My daughter is also my sister in Christ.  I am not above her, and she is not below me.  We are equals in God.  When l fail to see the image of Christ in my snarling, grouchy teenager, I miss an opportunity.  My daughter is an icon of Christ.  When I talk to her, I’m talking to Christ.  Yet I say and do the nastiest things.  I treat her in ways I would never dare to treat a friend, a boss, or even a stranger.  I’m comfortable with my children, so I let the real me show, and it’s an ugly display.  How different things are when I lay aside the fact that I’m the one who’s right, and I just say to my children, “Please forgive me.”  How different things are when I just say nothing and pray instead.  

Being an Orthodox parent is sacramental.  I meet God in the process.


3)  Time is a created thing.

God created time.  It is not linear.  The past, the present, and the future all overlap and get into a big jumble sometimes.  This is how we can truly live and partake of the death and resurrection of Christ.  How we can already proclaim His return.  God is forever.  Puberty is finite.

My children will live with me for about 18 years.  Probably more, but let’s just talk about that first 18 years when they are children.  Life expectancies now are well into the 80’s.  I could get into big ratios and percentages, but I won’t.  It’s obvious that they are only with us for a small amount of time.  An incredibly teeny, tiny, small portion of their lives.  We don’t have to cram a lifetime of interaction with them into 18 years.  Those young years, they matter.  They matter huge.  But they’re gone.  You can’t parent them as 8 year olds ever again.  You can only parent them for who they are now, and if you forget that, you’ll ruin your chance at parenting them when they’re 30.  They won’t listen to you.  They might not even speak to you.  I’d rather loosen my influence now, so I can still be an influence that they value and seek out later. 

Last year, my family went through a dark and difficult time.  The short version is that my teenage son had a major depressive episode and a literal and complete breakdown.  The day after we admitted him to a mental hospital, I gathered the rest of the family in the icon corner at home.  It felt so small with only four of us there instead of five.  We stood close to make up the difference.  We prayed the Akathist to the Mother of God, Nurturer of Children, and the tears and the brokenness flowed like rivers in the torrent of spring.  I turned to them and spoke a challenge.  We were facing one of the toughest times in our lives, but we had to see it for what it really was…a gift.  I told my family that I didn’t know what we were supposed to learn from this.  It wasn’t clear yet.  I didn’t know, but I was determined that we were not going to miss it.  God gave us an opportunity to learn a huge lesson as a family.  Not in laughter and ease, but in sorrow and suffering.  We were going to live through that mess one way or the other.  We could choose to let it break us, or we could choose to let it make us Christians.  True Christians who fight and get bloody.  True Christians who solely depend on God.  My constant prayer at that time went something like this: “Thank you God for this time.  Thank you for loving us enough to let us hurt, so we can learn in our suffering.  Thank you for this opportunity.  Don’t let us miss it!”  Watching my son fight the demons and knowing that I couldn’t save him from the fight is the most real and certain pain I have ever felt.  That pain did indeed give me clarity.  My son doesn’t belong to me.  He belongs to God.  Glory to God for that!  God is so much bigger and better than I am.  I would hate for my son to have to settle for just what I can give him, when God can give him life.  I can’t be my children’s God, and I need to stop trying to be.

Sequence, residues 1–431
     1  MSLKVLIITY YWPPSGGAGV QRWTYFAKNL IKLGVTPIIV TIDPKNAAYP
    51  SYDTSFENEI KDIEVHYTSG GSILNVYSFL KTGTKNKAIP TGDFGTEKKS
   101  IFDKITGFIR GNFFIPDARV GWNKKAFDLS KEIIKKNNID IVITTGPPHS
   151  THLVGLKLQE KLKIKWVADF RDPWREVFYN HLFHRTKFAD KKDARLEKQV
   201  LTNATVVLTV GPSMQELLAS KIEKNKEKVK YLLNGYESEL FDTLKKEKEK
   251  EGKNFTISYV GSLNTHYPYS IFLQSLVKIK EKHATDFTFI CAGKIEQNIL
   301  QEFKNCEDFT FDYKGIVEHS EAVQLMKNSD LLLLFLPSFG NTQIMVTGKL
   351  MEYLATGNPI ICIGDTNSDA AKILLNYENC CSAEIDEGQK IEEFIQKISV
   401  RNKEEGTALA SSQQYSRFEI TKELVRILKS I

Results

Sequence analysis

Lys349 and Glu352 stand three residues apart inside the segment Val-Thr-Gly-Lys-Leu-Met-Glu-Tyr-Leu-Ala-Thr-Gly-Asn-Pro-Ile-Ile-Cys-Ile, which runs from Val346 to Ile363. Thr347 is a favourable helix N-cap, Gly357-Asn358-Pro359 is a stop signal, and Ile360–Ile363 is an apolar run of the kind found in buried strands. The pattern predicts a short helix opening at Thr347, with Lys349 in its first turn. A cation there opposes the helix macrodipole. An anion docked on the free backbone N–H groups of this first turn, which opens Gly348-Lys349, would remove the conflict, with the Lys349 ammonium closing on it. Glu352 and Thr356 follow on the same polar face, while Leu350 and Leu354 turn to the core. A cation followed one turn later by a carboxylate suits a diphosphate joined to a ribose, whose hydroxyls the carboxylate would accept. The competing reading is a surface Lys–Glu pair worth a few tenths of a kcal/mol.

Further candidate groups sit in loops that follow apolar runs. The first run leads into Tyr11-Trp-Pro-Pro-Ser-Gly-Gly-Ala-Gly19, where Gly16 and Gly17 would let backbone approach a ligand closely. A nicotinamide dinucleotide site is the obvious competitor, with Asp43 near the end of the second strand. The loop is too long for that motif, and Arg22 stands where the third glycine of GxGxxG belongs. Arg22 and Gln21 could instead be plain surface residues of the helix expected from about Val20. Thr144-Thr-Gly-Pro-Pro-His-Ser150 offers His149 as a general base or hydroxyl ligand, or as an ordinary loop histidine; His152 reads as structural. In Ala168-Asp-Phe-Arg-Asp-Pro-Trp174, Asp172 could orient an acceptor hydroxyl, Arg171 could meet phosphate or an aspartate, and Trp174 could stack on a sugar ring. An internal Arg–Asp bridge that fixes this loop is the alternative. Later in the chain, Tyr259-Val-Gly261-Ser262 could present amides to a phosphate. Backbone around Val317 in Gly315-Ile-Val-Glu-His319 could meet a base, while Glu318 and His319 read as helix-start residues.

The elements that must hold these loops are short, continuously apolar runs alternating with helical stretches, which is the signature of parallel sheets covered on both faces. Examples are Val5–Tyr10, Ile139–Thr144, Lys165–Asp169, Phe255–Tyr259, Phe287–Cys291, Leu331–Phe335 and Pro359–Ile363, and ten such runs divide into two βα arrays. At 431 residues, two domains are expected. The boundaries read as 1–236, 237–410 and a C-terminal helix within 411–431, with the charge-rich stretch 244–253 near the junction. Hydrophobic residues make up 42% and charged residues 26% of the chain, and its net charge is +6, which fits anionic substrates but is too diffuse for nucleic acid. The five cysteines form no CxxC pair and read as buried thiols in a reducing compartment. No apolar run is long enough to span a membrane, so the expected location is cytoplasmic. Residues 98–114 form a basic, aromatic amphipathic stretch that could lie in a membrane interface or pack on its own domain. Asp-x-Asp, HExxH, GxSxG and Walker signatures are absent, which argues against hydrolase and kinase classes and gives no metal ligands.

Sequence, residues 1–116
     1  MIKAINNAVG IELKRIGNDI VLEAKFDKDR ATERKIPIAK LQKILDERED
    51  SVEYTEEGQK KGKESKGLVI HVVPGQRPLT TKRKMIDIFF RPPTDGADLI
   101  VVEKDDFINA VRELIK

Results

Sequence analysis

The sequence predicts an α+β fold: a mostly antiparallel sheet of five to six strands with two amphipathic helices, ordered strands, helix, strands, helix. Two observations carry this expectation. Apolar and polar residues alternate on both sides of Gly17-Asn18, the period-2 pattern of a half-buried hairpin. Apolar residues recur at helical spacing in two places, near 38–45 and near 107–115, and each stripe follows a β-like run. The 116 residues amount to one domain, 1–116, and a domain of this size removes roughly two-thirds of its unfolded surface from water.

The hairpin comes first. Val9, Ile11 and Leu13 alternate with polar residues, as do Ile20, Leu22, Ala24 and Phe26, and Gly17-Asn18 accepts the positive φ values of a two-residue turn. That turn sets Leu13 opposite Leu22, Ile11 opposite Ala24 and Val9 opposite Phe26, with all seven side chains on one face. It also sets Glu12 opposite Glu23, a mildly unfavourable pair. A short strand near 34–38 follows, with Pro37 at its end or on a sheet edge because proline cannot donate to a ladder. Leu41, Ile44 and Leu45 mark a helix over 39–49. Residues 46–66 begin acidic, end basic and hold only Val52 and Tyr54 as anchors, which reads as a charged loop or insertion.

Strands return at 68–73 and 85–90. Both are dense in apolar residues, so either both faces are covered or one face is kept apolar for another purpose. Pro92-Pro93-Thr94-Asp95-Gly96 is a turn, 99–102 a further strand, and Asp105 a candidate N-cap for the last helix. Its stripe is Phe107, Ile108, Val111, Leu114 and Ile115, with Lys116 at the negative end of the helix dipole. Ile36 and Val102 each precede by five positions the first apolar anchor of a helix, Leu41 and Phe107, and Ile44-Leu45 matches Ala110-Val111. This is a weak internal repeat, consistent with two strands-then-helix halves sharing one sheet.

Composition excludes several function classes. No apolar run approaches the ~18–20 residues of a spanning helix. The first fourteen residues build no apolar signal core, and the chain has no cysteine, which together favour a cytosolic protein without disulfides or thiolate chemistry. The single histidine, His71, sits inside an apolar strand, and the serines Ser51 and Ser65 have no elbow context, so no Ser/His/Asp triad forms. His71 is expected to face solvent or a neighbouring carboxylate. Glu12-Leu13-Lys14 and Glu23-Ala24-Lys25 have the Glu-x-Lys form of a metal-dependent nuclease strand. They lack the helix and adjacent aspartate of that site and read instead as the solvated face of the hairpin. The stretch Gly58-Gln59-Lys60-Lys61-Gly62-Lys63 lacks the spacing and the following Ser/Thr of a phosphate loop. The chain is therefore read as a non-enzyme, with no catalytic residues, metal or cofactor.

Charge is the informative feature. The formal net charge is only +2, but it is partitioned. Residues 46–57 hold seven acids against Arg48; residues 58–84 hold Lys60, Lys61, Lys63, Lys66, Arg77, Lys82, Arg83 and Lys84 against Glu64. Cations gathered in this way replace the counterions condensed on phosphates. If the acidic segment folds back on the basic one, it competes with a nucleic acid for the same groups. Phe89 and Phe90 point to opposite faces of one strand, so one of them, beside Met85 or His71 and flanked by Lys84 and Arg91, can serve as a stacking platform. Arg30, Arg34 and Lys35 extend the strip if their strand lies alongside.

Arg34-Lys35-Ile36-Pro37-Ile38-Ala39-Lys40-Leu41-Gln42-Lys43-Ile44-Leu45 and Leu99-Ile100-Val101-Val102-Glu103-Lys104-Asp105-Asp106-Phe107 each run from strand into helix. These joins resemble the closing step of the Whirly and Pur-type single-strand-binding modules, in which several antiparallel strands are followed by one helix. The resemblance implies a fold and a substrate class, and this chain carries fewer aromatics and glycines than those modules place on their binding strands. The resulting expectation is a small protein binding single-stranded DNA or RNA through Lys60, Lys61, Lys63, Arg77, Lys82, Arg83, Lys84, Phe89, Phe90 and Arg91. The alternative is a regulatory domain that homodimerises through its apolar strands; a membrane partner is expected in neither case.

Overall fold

Being an Orthodox parent is rejoicing that my children do not belong to me but to God.


The amazing God Who created the universe also created my family.  The five of us are perfect for each other.  Not because we get along all the time or agree or even love each other the same.  We’re perfect for each other, because God put us together, and He does not make mistakes.  This is it.  This is my family.  It’s raw and it’s real and it’s far from perfect, but God is with us.  People and places and things can try to stand against us, but it doesn’t matter.  God is with us.  The anger and the hurt and the seemingly endless teenage battles may try to break us, but it doesn’t matter.  God is with us.  It may seem heavy and unbearable, but this time of trouble is truly light and momentary, for God is with us.  Glory to God, He is with us!  


One thought on “Things my teenagers have taught me about parenting as an Orthodox Christian

  1. What a beautifully honest post. My duaghter is turning 16 on monday and I am also treading on the anxiety of what she will be in two short years. Have I done enough? Have I prayed enough? Have I said I’m sorry enough? Thank you for this. Prayers for your son and family.